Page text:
WTO: Stingy with the Poor, Generous with the Rich

A fight taking place in the World Trade Organisation (WTO) negotiations towards the Bali Ministerial Conference shows how the rules on agriculture allow developed countries to continue to shell out huge subsidies while penalising farmers in developing countries.

The World Trade Organisation after Eight Transformational Years

On Aug. 31, I will be stepping down after eight years as Director-General of the World Trade Organisation (WTO).

The Role of the State in Developing Countries under Attack from New FTAs

Two new trade agreements involving the two economic giants, the United States and the European Union, are leading a charge against the role of the state in the economy of developing countries.

Global Value Chains from a Development Perspective

The current discourse on Global Value Chains by key proponents and also the World Trade Organisation (WTO) secretariat is that developing countries should liberalise - in goods and services - and conclude a trade facilitation agreement.

A New Bretton Woods, to Prevent Future Crises?

Almost five years have passed since the global financial crisis, and the world economy is still reeling from its consequences. The main reason for this is the continued stagnation in developed countries, which is adversely affecting economic dynamism in other regions.

Africa Leading the New Patterns of Growth

The old theories governing the way that countries produce and trade are being replaced. The pattern of trade is being transformed by increasingly sophisticated technology and innovations in transportation; and the topography of actors is shifting to reflect new poles of growth.

WTO Chooses New Latin American Chief to Mark a Change in Course

Brazilian diplomat Roberto Carvalho de Azevêdo was named the new director general of the WTO with broad support from the developing world, beating out his Mexican rival Herminio Blanco, who was backed by the industrialised nations.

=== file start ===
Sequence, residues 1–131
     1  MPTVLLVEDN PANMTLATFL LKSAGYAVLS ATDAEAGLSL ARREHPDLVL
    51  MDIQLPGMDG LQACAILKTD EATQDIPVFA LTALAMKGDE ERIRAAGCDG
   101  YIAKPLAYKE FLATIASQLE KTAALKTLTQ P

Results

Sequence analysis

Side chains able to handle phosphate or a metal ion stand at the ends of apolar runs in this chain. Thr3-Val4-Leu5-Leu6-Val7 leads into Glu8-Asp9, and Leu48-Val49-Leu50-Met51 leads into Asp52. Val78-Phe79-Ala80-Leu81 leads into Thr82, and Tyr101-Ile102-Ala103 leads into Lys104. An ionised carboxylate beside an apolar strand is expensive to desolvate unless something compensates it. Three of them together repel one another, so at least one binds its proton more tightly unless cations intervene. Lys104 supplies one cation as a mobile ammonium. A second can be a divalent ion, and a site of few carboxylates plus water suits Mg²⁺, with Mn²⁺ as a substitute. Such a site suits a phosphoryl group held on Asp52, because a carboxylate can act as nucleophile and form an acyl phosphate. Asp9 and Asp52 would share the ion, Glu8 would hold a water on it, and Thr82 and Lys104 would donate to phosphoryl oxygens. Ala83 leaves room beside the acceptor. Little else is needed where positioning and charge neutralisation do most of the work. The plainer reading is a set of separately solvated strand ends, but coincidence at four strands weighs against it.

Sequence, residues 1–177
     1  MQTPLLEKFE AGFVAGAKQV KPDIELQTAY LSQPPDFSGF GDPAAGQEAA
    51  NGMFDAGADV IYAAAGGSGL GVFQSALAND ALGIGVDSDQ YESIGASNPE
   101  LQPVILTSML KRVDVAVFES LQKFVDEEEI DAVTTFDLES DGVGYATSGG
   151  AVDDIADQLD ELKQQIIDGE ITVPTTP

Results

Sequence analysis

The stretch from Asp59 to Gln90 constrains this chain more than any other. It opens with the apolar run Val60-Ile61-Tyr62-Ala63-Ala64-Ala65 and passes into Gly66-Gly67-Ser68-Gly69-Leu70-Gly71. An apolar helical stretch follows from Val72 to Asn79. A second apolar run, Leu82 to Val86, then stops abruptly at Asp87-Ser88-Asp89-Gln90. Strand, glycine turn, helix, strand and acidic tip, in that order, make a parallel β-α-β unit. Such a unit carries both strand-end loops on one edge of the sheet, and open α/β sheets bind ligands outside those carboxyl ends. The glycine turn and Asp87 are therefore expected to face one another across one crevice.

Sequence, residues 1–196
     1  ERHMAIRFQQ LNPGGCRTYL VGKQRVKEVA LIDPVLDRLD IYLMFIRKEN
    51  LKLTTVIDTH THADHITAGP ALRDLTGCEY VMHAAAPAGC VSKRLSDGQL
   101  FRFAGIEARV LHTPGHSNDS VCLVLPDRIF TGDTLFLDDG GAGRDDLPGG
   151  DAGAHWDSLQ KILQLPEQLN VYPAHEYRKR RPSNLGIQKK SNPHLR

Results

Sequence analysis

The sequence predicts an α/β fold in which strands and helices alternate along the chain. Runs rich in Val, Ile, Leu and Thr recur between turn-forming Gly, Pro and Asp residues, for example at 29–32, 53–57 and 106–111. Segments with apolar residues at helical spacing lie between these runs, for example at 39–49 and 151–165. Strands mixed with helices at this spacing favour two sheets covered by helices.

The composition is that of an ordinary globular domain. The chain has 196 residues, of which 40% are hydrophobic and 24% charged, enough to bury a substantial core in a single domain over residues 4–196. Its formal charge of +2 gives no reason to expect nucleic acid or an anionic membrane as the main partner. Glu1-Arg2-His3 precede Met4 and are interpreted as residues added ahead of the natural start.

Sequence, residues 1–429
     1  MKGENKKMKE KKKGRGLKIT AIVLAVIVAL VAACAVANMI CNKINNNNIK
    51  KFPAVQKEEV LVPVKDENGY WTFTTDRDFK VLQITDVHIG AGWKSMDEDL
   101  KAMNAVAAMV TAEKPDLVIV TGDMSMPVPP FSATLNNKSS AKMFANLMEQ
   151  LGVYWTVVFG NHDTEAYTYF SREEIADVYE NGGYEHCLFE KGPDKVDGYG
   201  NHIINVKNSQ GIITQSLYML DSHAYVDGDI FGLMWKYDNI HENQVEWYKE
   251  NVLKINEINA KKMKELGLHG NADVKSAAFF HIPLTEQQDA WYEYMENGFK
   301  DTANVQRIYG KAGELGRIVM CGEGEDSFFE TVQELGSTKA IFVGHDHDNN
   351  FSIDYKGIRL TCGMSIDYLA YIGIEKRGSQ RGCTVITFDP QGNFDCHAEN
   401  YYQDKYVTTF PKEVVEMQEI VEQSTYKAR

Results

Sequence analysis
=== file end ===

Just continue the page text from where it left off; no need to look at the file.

WTO, Dubious Prize for a Latin American?

The complicated challenge of invigorating the debilitated World Trade Organisation (WTO) and the multilateral trade system that it governs will fall, for the next four years and for the first time ever, to a Latin American.

The Two Faces of International Commodity Trade

For decades, commodity trade has been understood from the point of view of “commodity dependent” exporting countries, those whose revenues are largely generated by commodities exports. The trend of decreasing agricultural commodity prices was the focus of attention. However, from the beginning of the 2000s, there was an upward trend in agricultural commodity prices culminating in the price peak of 2007-08.

The World Needs More Trade to Contain the Slowdown

The global economy is facing strong headwinds that have set back world trade and output growth. Despite the measures implemented in many countries to contain the slowdown, production and employment trends continue to be negative. In the light of these developments, the World Trade Organisation (WTO) recently revised its forecast for world trade growth in 2012 to 2.5 percent, down from the previous 3.7 percent forecast. We foresee a volume of trade growth of 4.5 percent in 2013, below the long-term annual average of five to six percent that we have enjoyed for the last 20 years.